MD5 is a widely used hash function. It's been used in a variety of security applications and is also commonly used to check the integrity of files. Though, MD5 is not collision resistant, and it isn't suitable for applications like SSL certificates or digital signatures that rely on this property.
What is MD5?
MD5 (Message-Digest algorithm 5) is a widely used cryptographic hash function. It produces a 128-bit hash value, regardless of the size of the data entered. Although MD5 was originally designed as a cryptographic hash function, extensive security vulnerabilities have been identified. It is used to generate a checksum (ing: checksum) to check that data integrity is provided. However, it is only useful against unintentional changes.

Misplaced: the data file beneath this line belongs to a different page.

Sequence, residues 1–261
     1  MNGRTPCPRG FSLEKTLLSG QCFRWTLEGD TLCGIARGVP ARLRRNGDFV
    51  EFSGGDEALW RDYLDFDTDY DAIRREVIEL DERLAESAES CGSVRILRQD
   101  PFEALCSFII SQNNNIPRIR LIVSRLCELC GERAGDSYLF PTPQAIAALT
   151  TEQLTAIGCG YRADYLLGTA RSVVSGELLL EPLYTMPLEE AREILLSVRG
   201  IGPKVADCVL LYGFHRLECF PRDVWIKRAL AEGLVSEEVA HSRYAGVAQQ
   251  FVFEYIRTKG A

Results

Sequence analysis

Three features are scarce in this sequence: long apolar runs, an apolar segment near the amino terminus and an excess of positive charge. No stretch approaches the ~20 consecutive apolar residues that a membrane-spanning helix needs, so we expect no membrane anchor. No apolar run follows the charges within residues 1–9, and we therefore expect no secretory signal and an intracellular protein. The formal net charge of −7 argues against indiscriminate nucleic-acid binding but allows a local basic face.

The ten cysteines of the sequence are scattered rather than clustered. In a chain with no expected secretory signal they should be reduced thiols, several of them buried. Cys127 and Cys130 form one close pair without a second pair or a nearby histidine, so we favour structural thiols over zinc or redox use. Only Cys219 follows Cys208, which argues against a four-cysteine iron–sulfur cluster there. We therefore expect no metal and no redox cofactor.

Like many hash functions, MD5 does not contain encryption algorithms. It can be cracked with a brute force attack. It suffers from extensive security vulnerabilities as detailed in the Security section below.
The MD5 was designed by Ron Rivest in 1991 to replace the earlier version MD4. The abbreviation "MD" stands for "Message Digest".
The reliability of the MD5 has been seriously shaken. The security vulnerabilities it contains have also been exploited in the field, most notably the Flame malware from 2012. CMU's Software Engineering Institute declared for its MD5 that "cryptographically fragile is not suitable for further use".